Assuming it is going to be made from plywood, (preferably marine-ply), and reinforced... is it going to be too heavy for manual operation!

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Because the pivot point is so low I don't think it will be too hard to open. I might increase the side wall height, as John suggested, so lightening the opening part. If I keep the hinged wall low and therefore the pivot point there shouldn't be an excessive amount of weight. 

It's still really in the 'imagineering' stage as the folks at Disney would say! I may decide to go for something completely different. It really depends on the availability of raw materials; either timber or a ready made shed of suitable size/design.

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  • 2 weeks later...
16 hours ago, wimvb said:

This is an interesting design, but it looks to me like the side walls are going to be a major obstruction when the roof is open.

I only have views to the North and limited South. West is hampered by an oak, beech, sycamore lined lane (bridleway) and low East is blocked by our houses.

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12 hours ago, david_taurus83 said:

Could you not slide over the warm room and put a half door on the side to match the warm room door? No obstruction on the scope side then and not taking up any more space.

I did consider this type of design, but wondered if too much water would drip into the 'scope room if I opened up after rain.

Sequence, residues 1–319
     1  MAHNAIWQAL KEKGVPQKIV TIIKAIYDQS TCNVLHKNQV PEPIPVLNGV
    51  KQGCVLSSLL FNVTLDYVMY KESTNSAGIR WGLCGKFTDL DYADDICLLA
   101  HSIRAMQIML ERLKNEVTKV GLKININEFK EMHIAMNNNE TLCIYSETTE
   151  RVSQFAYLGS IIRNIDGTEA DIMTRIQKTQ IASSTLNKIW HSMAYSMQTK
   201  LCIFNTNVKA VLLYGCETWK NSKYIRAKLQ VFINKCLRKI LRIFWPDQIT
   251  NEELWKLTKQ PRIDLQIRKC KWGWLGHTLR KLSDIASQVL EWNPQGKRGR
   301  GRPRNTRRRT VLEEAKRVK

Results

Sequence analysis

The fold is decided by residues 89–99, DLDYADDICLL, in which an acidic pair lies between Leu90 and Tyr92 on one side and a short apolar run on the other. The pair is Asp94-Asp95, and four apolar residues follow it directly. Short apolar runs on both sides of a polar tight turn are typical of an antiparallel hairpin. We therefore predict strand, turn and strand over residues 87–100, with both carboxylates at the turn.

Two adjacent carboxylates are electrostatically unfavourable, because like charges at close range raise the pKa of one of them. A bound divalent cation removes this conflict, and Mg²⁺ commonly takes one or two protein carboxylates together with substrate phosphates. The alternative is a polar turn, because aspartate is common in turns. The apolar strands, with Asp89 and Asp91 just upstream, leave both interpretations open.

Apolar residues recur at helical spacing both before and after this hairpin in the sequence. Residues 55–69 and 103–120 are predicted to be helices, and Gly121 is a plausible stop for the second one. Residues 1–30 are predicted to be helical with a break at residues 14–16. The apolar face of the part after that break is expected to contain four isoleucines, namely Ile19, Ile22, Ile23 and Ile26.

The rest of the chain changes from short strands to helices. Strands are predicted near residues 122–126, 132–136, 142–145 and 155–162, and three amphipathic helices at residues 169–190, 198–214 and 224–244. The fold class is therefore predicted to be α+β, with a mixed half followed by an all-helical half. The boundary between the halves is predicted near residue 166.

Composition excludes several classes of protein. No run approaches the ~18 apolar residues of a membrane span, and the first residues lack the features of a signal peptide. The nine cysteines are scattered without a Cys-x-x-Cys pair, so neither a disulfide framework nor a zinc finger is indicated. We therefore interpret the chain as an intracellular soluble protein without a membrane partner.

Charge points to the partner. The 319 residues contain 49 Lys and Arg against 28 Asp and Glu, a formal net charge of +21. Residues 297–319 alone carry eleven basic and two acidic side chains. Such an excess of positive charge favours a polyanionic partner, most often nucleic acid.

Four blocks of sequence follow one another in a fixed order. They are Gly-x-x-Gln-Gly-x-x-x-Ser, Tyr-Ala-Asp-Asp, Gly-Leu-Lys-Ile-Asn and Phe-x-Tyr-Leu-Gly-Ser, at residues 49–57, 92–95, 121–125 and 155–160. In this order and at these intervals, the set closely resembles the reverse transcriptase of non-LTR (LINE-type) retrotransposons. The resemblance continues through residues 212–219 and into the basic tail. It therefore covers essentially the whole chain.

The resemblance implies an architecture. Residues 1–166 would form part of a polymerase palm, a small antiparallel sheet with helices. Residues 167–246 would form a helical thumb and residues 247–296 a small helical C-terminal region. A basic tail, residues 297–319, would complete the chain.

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9 hours ago, wimvb said:

Or have the door on the short side.

Unfortunately I'm 6' 4" in my stocking feet, which is why I put the door in the taller side. I've scalped myself so many times going in and out of our shed I don't want to be doing the same on an obsy; especially at 02:00 in the morning! It's amazing how much hair protects your head from bumps; and how much it hurts when you no longer have that protection! 👨‍🦲🤕😂

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Really like the design concept and hope to see a future build thread.  My main concern is the singular support for the roof when open, I recently tried something similar with a roll off roof system, completely different direction for forces and leverage, and completely unsuitable in that application.  Because you main load will be vertical it should work well, my main concern is stability side to side causing the moving part of the obsy to twist, so I would strongly recommend 2 legs either side with some sort of cross bracing.  I am 6' 2", although I rarely wear stockings, high days and holidays🤣  So you have my sympathies about being scalped, you really would think we'd learn to duck!

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Thanks Ian. The intention always was to put two support legs on the actual build. I just got lazy with the model build as it was getting a bit late by the time I finished. Good suggestion about the cross bracing though. 👍